Max Weber (1864-1920) was a sociologist of religion whose works occupy a pivotal position in the history of sociology; The Protestant Ethic is considered a classic in the field. The question that Weber poses is, “Why do Protestants in general and Calvinists in particular seem to do so much better in a capitalist economy than Catholics?” Weber notes that, “Protestants… have shown a special tendency to develop economic rationalism which cannot be observed to the same extent among Catholics.” Weber takes as his prototypical capitalist Benjamin Franklin, whose “confession of faith” is that time is money, money begets money, idleness costs money, etc. In considering Franklin, Weber notes,
"Let us pause a moment to consider this passage, the philosophy of which Kürnberger sums up with the words,“They make tallow out of cattle and money out of men”. The peculiarity of this philosophy of avarice appears to be the ideal of the honest man of recognized credit, and above all the idea of a duty of the individual toward the increase of his capital, which is assumed to be an end in itself."
The summum bonum of this ethic, “the earning of more and more money, combined with the strict avoidance of all spontaneous enjoyment of life,” is “thought of so purely as an end in itself, that from the point of view of the happiness of, or utility to, the single individual, it appears entirely transcendental and absolutely irrational.”
Weber contrasts this attitude with the Catholic one that is more content with a sufficiency of income and a greater leisure and joy in living. The Catholic businessman was more likely to be guided by traditional ideals than the Protestants, even though both were “capitalist.” In speaking of the Catholic businessman, Weber says,
"The form of organization was in every respect capitalistic...But it was traditionalistic business, if one considers the spirit which animated the entrepreneur: the traditional manner of life, the traditional rate of profit, the traditional amount of work, the traditional manner of regulating the relationships with labour, and the essentially traditional circle of customers and the manner of attracting new ones."
Weber rejects the idea that the rationalism of the Enlightenment is sufficient to explain the acquisitiveness of Protestant capitalism. Rather, he traces the differences in Catholic and Protestant capitalism to what he calls the “ethical peculiarities of Calvinism.” The most salient peculiarity was the Calvinist version of the doctrine of predestination. In Weber’s view, this doctrine replaced the “Father” God of the New Testament with a transcendental being, “beyond the read of human understanding, who with His quite incomprehensible decrees has decided the fate of every individual.” The individual believer thus experiences an unprecedented inner loneliness: “No priest… No Sacraments… No Church… ” can help him because none of these things are efficacious for salvation. This doctrine leads, on the one hand, to a negative attitude toward all things sensual and emotional, and on the other “it forms one of the roots of that disillusioned and pessimistically inclined individualism” which is part of Puritanism. The believer is required, however, to attain a certainty of his own election to salvation. How is this to be done? The answer is through “intense worldly activity” and success in the world. It is necessary to “prove” one’s faith in worldly activity and to create a spiritual aristocracy of predestined saints within the world.18 The gaining of wealth is a sign of God’s election, and it is to be combined with an asceticism which precluded idleness or the enjoyment of the wealth. Although the capitalist spirit begins with a religious spirit, that religious spirit dies out and gives way to “utilitarian worldliness.” “What the great religious epoch of the seventeenth century bequeathed to its utilitarian successor was, however, above all an amazingly good, we may even say a pharisaically good, conscience in the acquisition of money…” This brings us back to Benjamin Franklin, who was imbued with this spirit of capitalism from which the religious element was missing. Victorious capitalism no longer needed religious support and the freedom bequeathed by the religious spirit became a necessity that fixes man in an “iron cage” of mere acquisitiveness. In the last stage we become, “Specialists without spirit, sensualists without heart; this nullity imagines that it has attained a level of civilization never before achieved.”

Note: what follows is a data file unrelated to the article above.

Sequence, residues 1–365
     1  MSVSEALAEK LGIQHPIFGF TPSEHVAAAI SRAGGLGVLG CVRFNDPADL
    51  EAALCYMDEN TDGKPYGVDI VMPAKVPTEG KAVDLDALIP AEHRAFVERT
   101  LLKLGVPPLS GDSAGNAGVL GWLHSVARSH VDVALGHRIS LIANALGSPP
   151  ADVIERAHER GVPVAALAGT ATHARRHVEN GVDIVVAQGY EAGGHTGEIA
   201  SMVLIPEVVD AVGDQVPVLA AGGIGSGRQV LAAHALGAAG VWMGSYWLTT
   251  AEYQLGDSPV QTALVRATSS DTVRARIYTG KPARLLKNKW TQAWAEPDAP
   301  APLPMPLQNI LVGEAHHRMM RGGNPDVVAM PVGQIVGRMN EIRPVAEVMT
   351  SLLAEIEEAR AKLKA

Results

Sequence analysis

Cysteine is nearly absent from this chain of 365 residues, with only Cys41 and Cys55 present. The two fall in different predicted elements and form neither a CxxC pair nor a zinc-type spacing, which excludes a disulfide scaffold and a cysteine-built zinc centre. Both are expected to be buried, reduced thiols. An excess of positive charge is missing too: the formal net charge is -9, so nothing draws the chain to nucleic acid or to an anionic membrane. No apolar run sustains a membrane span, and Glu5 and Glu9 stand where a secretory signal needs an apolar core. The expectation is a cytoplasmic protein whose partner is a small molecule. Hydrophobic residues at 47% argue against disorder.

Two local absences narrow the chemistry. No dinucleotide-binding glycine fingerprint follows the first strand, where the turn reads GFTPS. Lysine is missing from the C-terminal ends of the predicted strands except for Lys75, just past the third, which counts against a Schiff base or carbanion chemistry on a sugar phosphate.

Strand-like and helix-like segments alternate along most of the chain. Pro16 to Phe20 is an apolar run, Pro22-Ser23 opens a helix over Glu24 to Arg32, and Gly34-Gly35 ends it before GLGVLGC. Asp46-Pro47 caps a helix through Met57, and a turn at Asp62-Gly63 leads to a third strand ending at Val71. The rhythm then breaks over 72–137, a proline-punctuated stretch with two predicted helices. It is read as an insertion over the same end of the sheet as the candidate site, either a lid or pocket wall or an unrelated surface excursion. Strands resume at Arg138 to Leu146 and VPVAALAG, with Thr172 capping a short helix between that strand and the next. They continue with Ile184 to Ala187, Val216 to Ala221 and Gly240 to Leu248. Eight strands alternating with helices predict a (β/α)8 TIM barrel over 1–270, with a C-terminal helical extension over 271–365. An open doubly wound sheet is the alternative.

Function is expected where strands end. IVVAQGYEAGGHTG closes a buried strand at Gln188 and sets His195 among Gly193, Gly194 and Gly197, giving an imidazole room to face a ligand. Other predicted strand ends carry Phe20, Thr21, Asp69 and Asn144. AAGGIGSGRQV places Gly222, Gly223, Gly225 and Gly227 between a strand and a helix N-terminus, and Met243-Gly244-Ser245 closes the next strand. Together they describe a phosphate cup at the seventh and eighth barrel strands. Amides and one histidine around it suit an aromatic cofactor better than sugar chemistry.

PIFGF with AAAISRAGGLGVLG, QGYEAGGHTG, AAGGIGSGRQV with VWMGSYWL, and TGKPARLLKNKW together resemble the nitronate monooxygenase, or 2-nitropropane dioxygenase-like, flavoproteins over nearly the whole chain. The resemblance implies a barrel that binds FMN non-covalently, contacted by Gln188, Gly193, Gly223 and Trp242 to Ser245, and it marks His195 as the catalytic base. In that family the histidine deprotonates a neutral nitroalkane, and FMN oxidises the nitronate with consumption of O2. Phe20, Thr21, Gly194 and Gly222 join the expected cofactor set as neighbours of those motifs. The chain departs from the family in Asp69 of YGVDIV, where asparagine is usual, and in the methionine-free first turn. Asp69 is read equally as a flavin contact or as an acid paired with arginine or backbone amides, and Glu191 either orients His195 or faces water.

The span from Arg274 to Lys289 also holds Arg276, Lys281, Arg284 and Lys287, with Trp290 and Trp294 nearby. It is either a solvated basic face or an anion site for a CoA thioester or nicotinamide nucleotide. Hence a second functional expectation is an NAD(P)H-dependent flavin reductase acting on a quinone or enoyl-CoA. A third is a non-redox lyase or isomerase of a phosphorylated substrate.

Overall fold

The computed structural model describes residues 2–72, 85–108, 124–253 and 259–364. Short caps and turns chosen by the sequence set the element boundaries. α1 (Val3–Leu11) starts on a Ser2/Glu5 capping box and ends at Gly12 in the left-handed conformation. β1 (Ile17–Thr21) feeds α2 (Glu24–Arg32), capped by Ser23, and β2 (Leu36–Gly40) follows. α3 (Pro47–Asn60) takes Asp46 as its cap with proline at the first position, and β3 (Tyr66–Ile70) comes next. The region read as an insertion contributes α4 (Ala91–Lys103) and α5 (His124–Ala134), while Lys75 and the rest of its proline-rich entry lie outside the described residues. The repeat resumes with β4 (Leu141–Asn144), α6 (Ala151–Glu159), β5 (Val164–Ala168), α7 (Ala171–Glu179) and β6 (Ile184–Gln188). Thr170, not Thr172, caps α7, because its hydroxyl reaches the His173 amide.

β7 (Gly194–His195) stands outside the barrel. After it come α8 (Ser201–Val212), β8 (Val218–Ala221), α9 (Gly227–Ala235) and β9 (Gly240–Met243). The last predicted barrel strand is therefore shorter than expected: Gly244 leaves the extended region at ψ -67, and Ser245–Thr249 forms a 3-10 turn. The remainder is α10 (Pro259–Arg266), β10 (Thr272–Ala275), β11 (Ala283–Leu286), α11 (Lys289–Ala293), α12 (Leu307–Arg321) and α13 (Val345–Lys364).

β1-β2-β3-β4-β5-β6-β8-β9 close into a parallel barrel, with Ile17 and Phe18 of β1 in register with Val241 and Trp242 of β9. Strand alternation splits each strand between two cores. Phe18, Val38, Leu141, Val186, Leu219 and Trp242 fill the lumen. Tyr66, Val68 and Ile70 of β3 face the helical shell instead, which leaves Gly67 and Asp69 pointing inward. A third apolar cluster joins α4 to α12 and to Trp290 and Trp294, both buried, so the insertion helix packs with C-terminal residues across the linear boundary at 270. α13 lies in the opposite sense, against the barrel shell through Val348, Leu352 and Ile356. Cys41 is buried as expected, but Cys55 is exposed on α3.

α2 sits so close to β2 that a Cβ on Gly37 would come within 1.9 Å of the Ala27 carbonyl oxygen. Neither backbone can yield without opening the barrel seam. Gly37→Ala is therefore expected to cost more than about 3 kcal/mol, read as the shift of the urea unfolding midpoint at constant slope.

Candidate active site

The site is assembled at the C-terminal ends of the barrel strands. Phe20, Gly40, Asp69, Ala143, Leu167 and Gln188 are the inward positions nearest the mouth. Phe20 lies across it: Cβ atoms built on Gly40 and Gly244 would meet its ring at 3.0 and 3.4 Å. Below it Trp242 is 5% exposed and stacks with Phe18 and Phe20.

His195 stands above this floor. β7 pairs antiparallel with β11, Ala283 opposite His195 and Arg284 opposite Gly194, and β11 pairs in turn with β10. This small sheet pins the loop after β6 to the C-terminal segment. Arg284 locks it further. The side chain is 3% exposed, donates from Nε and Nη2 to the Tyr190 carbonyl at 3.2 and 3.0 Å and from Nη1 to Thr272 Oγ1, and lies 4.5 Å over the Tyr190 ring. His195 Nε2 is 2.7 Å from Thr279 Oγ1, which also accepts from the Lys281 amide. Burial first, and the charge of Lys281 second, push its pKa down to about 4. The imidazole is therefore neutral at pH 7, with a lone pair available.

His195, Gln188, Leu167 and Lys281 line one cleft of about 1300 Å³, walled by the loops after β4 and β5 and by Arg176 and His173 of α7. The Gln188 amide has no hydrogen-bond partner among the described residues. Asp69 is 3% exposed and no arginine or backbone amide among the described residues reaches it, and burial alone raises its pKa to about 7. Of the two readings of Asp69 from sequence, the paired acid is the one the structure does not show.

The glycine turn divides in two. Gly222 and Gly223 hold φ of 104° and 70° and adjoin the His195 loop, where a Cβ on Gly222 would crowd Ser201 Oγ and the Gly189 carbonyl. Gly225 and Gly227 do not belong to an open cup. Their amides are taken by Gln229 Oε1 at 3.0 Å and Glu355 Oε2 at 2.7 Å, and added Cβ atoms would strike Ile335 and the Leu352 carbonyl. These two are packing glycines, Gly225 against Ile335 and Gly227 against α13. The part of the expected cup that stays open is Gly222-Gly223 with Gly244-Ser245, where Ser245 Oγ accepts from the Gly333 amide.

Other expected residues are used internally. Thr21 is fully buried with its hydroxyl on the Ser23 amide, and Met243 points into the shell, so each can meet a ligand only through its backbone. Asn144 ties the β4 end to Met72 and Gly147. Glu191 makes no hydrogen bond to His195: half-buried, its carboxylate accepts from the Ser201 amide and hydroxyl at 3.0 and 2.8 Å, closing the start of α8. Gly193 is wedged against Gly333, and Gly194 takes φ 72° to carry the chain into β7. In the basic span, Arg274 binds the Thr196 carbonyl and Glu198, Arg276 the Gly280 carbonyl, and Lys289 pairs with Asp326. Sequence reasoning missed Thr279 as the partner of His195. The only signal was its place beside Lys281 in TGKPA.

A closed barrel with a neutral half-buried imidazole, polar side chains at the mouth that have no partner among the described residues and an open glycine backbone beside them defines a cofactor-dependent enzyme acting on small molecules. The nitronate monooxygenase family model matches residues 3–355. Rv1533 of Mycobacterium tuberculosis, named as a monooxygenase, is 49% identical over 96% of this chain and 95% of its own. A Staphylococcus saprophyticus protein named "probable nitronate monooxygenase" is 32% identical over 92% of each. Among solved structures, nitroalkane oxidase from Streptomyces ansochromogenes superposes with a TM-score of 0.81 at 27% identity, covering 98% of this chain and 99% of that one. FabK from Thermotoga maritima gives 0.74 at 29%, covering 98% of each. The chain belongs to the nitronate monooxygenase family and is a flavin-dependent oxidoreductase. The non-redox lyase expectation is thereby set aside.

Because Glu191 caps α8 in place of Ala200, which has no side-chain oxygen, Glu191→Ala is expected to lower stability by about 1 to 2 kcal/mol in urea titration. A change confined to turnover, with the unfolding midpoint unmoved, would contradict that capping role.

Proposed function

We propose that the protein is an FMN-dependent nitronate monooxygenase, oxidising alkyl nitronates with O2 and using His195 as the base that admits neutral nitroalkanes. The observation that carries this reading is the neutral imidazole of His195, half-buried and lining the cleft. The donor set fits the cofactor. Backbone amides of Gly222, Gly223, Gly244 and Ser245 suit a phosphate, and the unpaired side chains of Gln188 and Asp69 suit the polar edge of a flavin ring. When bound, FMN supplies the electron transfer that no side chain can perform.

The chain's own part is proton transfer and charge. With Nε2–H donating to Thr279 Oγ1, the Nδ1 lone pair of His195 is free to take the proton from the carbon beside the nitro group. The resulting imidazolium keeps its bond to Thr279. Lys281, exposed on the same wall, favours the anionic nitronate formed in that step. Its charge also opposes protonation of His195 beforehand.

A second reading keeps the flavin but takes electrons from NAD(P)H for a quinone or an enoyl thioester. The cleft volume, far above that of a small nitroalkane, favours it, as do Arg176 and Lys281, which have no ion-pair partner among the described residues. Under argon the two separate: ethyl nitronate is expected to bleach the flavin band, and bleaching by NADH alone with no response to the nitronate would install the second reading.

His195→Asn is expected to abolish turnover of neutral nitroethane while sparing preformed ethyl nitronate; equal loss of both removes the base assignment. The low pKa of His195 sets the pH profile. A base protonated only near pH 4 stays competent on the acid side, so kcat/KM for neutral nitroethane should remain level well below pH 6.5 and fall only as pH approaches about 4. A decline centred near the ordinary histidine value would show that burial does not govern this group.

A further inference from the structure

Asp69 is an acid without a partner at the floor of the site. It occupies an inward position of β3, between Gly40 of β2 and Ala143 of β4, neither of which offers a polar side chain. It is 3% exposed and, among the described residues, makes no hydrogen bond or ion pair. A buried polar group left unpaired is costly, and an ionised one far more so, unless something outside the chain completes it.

The Spirit of Democratic Capitalism
This then is the thesis that Novak uses for his starting point. Weber, he states, discovered a new spirit within capitalism. But whereas Weber constructed a critique of capitalism, Novak produces a paean; he specifically rejects Weber’s conclusion that a capitalism based on the Protestant Ethic leads man into an “iron cage.” Rather, he praises capitalism and urges the Church to embrace it; he finds an intellectual lacuna in the Church’s rejection of capitalism and wants the Church to “learn from America.” The overriding theme of his book is that capitalism and democracy are inseparable, and that the Church ought to embrace both. Capitalism and democracy, Novak believes, spring from the same historical impulses that aimed at limiting the power of the state and liberated the energies of individuals. Weber, for Novak, identifies capitalism a new spirit in the world, one that depends primarily on sustained growth.
The Fact-Value Distinction